Evolutionary psychologists describe the process as something that must consider how it is that children “thrive.” Thrive is a term in developmental psychology that studies the conditions for how children adapt well to their environment. This is called “constructive niche.” The task of the parent that meets the standards of parenting a child to thrive in the world by meeting the particularities of his or her environment. An older word, borrowing from Aristotle, might call this “flourishing.”

Parents would do well to consider the resources from developmental psychology in their raising of children, generally, and adoptive children, specifically.

To put more specifics on the problem, Bessel van der Kolk describes the experience of many adopted children in the following: “Before they reach their twenties, many patients have been given four, five, six, or more of these impressive but meaningless labels. If they receive treatment at all, they get whatever is being promulgated as the method of management du jour: medications, behavioral modification, or exposure therapy. These rarely work and often cause more damage.””

Adoptees suffer more commonly from the following:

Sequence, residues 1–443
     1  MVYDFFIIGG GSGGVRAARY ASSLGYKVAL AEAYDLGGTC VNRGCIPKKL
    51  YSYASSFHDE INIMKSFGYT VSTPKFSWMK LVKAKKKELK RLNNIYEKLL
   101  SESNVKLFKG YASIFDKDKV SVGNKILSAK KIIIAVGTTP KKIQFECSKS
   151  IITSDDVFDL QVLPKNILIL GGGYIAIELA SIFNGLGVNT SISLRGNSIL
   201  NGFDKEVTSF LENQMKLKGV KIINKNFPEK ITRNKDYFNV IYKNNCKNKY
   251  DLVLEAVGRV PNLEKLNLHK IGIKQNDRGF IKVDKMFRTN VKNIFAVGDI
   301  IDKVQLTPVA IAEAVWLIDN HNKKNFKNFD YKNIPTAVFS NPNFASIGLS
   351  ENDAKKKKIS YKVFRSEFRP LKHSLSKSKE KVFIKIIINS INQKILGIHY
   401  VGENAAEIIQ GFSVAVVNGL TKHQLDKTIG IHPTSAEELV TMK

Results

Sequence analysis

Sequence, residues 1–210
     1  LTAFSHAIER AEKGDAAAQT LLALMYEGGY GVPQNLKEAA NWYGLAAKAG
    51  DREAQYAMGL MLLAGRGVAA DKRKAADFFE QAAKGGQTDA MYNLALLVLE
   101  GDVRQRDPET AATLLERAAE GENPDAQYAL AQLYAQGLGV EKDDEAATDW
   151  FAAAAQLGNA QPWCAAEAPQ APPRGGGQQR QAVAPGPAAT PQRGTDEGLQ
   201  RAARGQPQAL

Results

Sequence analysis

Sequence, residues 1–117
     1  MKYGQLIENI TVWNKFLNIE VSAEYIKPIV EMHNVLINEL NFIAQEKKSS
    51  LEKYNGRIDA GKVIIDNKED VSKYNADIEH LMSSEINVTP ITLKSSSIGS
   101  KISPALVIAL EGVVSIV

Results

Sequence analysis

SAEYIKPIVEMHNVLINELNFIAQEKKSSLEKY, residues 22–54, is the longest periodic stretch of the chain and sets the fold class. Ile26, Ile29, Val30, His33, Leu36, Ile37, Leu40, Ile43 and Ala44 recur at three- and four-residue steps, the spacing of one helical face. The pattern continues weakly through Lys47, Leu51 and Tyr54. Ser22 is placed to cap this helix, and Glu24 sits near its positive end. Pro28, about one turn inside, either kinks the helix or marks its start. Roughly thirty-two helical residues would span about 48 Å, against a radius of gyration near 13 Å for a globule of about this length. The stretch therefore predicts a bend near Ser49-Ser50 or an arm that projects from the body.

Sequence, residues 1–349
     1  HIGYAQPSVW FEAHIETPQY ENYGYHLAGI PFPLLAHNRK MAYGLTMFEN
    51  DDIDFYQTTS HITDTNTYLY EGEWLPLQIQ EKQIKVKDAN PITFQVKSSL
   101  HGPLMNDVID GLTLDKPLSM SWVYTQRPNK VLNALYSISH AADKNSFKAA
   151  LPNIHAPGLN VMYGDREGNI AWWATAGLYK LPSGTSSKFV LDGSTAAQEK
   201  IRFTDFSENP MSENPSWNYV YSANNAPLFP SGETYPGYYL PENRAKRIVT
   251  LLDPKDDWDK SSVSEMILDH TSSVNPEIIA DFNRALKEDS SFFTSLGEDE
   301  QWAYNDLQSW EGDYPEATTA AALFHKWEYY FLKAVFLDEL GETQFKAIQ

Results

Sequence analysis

Anxiety Disorder
Adjustment Disorder
Attention-Deficit Hyperactivity Disorder
Childhood Obsessive Compulsive Disorders
Conduct Disorders
Oppositional Defiant Disorder
Reactive Attachment Disorder
Post Traumatic Stress Disorder

These are significant and quite the commentary on modern adoption. Some of these disorders can be curbed when we consider our own motivations for adoption and how it is that we raise our adoptive children with the biblical principles mentioned earlier. By raising the adoptee up a one’s own with all the rights and responsibilities that are intrinsic to that family and the Christian family, that child has a higher chance of identifying with the family, being inculcated with its values, and feeling the warmth and acceptance that goes along with being a natural born child. These are important insights when we consider biblical principles, psychology, and how it is that the ancient world understood adoption. Adoption was not so flippant or ungrounded as it often is in modern society.

There is something instructive about how and why it is that we adopt children. We adopt them to be one of our own by identifying with them and they with us.

Ancient practice is to treat the adoptee as one’s own — in the same way that God treats us as his own children with Christ. Guided by this frame and these principles, will take us a long way toward developing stable families with adoptive children.

Joshua Farris is a Humboldt Experienced Researcher at Ruhr Universitat Bochum focusing on biologically-engaged theological anthropology. He has been in ministry and teaching off and on for 15 years. He has also worked on topics as vast as theology and medical health, ecclesial authority, abuse, gender identity, racial identity, the afterlife and other topics. His area of speciality has been on the philosophical foundations of religious anthropology and the soul. He has a forthcoming book, The Creation of Self: A Case for the Soul coming out in June 2023.